I am well aware that this will eventually become a moot point as all of the "older generation" will be non-existent, yet there will always be those in much less fortunate circumstances. And, although touted as global in scope, society will likely have to continue to cope with the lack of computer prowess in developing countries for quite some time. While conceding that certain aspects of these new techno-communicative wonders are quite beneficial to society, I can only hope that other personal attributes beyond telecommunication capabilities are taken into consideration when evaluating the individual as a vital contributor to society as a whole. (Thank you for listening!)

Thu Dec 4 17:21:39 PST 1997 - Actually think about three, or four weeks ago when Prof. Krumme told us about the children using HyperCard to create school projects. My mother used to work for Apple and she doesn't even know how to use HyperCard. Kids these days are learning things that you and I would have never been able to fathom twenty, or even ten years ago. Technology has made a big difference not only in business and science, but in education as well. Monique has a good solution for decreasing the gap of accessibility for all persons, in order to make things less expensive. Try telling that to Adobe, who might sell a program for $450. The solution lies somewhere in between partnerships between public and private sectors, like I have mentioned in our web page about transportation. That is a good approach as some governments, though taxing, in my mind, too high of rates, they have problems allocating their money efficiently, or in the best place for everyone. If a politician saw it fit to get money for some programs, I d on't think it would be particularly easy. Microsoft has given some things to some universities and school districts. It is not enough, though. Therefore the idea of giving old technology to people who cannot otherwise afford it is great idea and will decrease the gap between those who can, and those who cannot afford to own a computer. This class has been a tremendous help in increasing my knowledge of the internet and its related technologies. It has been a great experience and other classes ought to go with some sort of format where technology can be implemented into more class curricula. This would increase everyone's worth in the business world, and would also increase their knowledge, in general. Good discussions group!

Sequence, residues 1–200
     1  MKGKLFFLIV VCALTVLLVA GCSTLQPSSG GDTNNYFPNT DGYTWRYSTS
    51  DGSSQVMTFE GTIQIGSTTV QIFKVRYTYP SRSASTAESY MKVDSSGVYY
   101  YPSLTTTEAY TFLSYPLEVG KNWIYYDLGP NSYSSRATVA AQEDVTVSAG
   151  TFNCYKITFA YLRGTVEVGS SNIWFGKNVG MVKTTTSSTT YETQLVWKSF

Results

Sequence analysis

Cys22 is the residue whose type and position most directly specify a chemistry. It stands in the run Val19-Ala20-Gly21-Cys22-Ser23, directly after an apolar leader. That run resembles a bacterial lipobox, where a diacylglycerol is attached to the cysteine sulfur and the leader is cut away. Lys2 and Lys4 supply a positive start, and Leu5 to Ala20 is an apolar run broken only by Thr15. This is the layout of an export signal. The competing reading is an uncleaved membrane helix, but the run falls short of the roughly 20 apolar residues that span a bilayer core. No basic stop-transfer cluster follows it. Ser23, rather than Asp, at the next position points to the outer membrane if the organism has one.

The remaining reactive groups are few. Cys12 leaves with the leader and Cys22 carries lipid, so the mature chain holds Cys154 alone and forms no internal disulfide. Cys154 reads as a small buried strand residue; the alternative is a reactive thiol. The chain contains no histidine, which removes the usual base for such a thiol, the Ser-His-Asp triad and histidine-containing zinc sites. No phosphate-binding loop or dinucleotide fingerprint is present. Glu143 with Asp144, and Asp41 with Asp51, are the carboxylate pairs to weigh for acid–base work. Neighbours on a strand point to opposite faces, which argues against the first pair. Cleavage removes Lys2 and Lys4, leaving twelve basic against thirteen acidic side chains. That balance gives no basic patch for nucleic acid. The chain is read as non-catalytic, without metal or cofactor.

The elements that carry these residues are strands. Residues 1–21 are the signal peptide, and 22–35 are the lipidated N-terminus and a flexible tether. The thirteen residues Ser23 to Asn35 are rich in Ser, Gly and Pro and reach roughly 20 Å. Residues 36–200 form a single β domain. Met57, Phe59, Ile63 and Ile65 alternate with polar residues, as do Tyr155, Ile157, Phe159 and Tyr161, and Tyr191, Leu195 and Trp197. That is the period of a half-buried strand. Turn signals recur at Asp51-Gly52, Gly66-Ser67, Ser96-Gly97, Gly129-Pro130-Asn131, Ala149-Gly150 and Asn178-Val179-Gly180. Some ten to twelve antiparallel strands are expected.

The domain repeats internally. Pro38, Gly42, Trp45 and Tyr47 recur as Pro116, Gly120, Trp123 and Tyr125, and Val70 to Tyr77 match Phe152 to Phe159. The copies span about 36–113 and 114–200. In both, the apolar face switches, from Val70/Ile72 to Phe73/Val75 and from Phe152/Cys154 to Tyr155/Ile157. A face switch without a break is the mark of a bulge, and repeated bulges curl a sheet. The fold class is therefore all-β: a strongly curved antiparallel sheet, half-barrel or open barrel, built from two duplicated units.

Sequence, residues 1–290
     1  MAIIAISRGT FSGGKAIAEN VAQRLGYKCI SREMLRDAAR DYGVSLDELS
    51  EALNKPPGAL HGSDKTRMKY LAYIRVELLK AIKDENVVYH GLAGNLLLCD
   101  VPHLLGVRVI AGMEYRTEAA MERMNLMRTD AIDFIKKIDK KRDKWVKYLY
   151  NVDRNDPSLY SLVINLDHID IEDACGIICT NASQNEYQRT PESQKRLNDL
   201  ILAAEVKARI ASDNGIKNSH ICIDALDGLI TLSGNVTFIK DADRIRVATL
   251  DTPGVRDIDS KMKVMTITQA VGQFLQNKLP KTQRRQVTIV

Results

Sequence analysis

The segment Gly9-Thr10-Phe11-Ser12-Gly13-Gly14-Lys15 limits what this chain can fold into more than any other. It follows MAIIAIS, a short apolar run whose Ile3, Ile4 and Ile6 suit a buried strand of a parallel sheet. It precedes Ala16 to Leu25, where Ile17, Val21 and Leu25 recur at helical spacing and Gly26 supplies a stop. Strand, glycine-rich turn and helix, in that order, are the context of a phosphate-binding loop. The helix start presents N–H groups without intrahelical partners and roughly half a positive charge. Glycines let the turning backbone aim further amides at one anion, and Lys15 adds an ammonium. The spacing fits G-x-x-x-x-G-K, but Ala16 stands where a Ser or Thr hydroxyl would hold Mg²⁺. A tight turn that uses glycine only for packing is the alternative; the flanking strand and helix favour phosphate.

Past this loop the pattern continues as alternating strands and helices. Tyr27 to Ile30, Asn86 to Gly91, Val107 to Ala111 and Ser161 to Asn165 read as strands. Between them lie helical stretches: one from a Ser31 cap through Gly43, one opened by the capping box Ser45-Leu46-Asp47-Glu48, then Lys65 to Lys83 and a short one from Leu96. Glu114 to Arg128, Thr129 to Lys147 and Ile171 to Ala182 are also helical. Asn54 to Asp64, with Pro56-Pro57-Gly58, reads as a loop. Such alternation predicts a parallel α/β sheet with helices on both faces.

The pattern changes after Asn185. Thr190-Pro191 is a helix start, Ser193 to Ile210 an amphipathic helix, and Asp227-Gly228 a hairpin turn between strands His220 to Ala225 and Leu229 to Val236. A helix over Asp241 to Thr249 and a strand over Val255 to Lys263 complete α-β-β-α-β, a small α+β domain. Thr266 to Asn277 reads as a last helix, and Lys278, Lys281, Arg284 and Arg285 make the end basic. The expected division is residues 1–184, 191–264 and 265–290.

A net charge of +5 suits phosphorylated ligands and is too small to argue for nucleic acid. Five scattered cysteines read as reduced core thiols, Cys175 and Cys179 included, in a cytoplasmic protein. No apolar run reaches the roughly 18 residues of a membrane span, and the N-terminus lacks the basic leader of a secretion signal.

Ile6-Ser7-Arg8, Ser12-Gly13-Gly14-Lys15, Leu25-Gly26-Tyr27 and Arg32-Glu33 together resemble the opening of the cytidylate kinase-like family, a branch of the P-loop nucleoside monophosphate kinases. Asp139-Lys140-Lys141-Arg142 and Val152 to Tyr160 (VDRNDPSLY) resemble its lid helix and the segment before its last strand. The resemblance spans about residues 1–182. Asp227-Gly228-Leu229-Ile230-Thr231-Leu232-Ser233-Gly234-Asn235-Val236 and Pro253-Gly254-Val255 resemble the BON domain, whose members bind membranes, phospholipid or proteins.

Thu Dec 4 05:52:27 PST 1997 - Think back 15 years ago when computers were barely being introduced into the schools. Very few people could afford computers at home, let alone even wanted computers at home. People didn't want to adapt to the new frontier, thinking it might possibly be a "phase". Well, that phase is here to stay and will continue to progress with time. So, what has happened since then? Many more people have purchased computers for home use, no, not everyone can afford them or more to the point, not everyone can afford to have computers with all the bells and whistles. However, as businesses, universities, public education in general, expands, there is an "out with the old, in with the new" trend taking place. What happens with the old? Some are donated, some a re left to gather dust in a supply room. If people are so concerned about a separation between rich and poor, then continue to make technology available to those who cannot afford to buy their own computer. Old computers can be found for little to no co st, just read the classifieds. No, these computers do not come with all the bells and whistles of the latest and greatest, but they will enable people to connect to the Internet, even if that only connection involves e-mail.

Also, more options are becoming available in elementary schools, allowing kids to learn about computers, e-mail and the world wide web. Sure, some kids have an advantage because they can go home and spend hours on personal computers while others cannot. Perhaps an option would be to open computer labs of these elementary schools in the evenings with parents supervising (and learning) so that these kids can have an opportunity to spend more time on computers, heck, maybe they can teach their parents a thing or two!

The fact of the matter is that technological advances are going to continue, rather than fight it, we need to find ways to make it work for all classes of society, rather than merely pointing out how much it will separate the "rich" from the "poor".
Monique 350

Wed Dec 3 21:02:36 PST 1997 - On prior comments in regards to the division of rich and poor in regards to technology, information age, computers, etc. I note several comments throughout the discussion in regards to certain sectors of society not having financial means to join the "cyberworld". So, what is the point of this statement? Either a) the point is, it is bad, because not everyone can afford it. Or b) What should we do about this. I'm not sure which of these points is being made by the comments in regards to everyone not being able to afford to be part of the new technology.